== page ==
What you should know about the Corporate Transparency Act!

Jan 26

The Corporate Transparency Act (“CTA”) went into effect January 1, 2024.  The CTA was enacted by Congress to prevent the use of anonymous shell companies for money laundering, tax evasion, and other illegal purposes.  The CTA allows the federal government to compile a database of the beneficial owners of business entities.

The CTA is a new filing requirement, in addition to state and local filings, for most corporations and limited liability companies; however, it does not apply to sole proprietorships, businesses with more than 20 full-time employees and $5 million in receipts, banks, and insurance companies.

Non-exempt entities must report information about beneficial owners who own at least 25% of the company or exercise substantial control over it.  Each beneficial owner must provide his or her name, date of birth, address, and a copy of either a U.S. passport, driver’s license, or other identification.

Additional information about the reporting requirements, including answers to questions such as “is my company required to report beneficial ownership information to FinCEN,” “who is a beneficial owner,” and “when do I need to report my company’s beneficial ownership information” is available on FinCEN’s beneficial ownership information webpage:  https://www.fincen.gov/boi.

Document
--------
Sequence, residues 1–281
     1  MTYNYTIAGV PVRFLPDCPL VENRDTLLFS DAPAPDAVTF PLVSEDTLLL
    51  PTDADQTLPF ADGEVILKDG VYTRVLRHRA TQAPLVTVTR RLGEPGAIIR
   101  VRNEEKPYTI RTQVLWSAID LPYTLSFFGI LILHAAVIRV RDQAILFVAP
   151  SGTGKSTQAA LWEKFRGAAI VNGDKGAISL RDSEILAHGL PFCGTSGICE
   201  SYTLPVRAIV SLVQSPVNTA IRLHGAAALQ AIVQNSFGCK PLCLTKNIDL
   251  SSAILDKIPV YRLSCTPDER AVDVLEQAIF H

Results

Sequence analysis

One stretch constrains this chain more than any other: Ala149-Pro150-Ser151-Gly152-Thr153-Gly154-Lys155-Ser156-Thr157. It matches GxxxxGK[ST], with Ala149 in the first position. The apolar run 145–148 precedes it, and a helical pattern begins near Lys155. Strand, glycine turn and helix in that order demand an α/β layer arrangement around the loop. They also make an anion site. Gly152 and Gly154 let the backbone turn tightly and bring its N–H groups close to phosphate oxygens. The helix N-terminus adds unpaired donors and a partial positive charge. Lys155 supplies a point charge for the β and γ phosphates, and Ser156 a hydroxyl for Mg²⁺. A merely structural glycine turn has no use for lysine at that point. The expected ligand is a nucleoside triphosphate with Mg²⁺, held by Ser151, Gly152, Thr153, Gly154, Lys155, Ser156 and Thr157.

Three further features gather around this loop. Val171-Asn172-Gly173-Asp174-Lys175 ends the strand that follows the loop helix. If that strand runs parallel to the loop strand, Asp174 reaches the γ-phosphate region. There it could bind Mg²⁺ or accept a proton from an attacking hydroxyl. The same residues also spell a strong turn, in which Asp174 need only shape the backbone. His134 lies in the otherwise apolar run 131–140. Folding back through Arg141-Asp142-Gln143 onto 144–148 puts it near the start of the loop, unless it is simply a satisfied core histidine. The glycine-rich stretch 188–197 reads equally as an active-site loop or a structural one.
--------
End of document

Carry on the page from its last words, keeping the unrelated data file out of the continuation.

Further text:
Entities formed prior to 2024 must file by December 31, 2024.  Additionally, changes in beneficial owners or their information must be reported within 30 days.  There is no fee to file. The failure to file a beneficial owner report by the deadline may result in civil penalties of up to $500 for each day the violation continues and criminal penalties of up to two years imprisonment and a fine of up to $10,000.

While the responsibility for the required disclosures is that of the entity, Clark, Mize & Linville, Chtd. will stand ready to assist with the analysis of your entity structure to determine if your entity is considered a Reporting Company, and, if so, determining its beneficial owners.

Written by: Joshua C. Howard & Jessica Stoppel

Related Practice Areas: Business Formation and Governance

 

What Are Revocable Living Trusts?

Oct 14

 What Are Revocable Living Trusts?

All trusts are a type of legal contract between three parties:

  • The Grantor, also known as settlor, trustmaker, or trustor, is the person who forms the trust.
  • The Trustee is the “manager” of the trust, whose job is to carefully follow the terms of the trust.
  • The Beneficiaries are the individuals who may receive income or principal from the trust.

When a revocable living trust is formed, one person typically serves in all three roles as grantor, trustee, and beneficiary, during his or her lifetime.

Creating the Trust: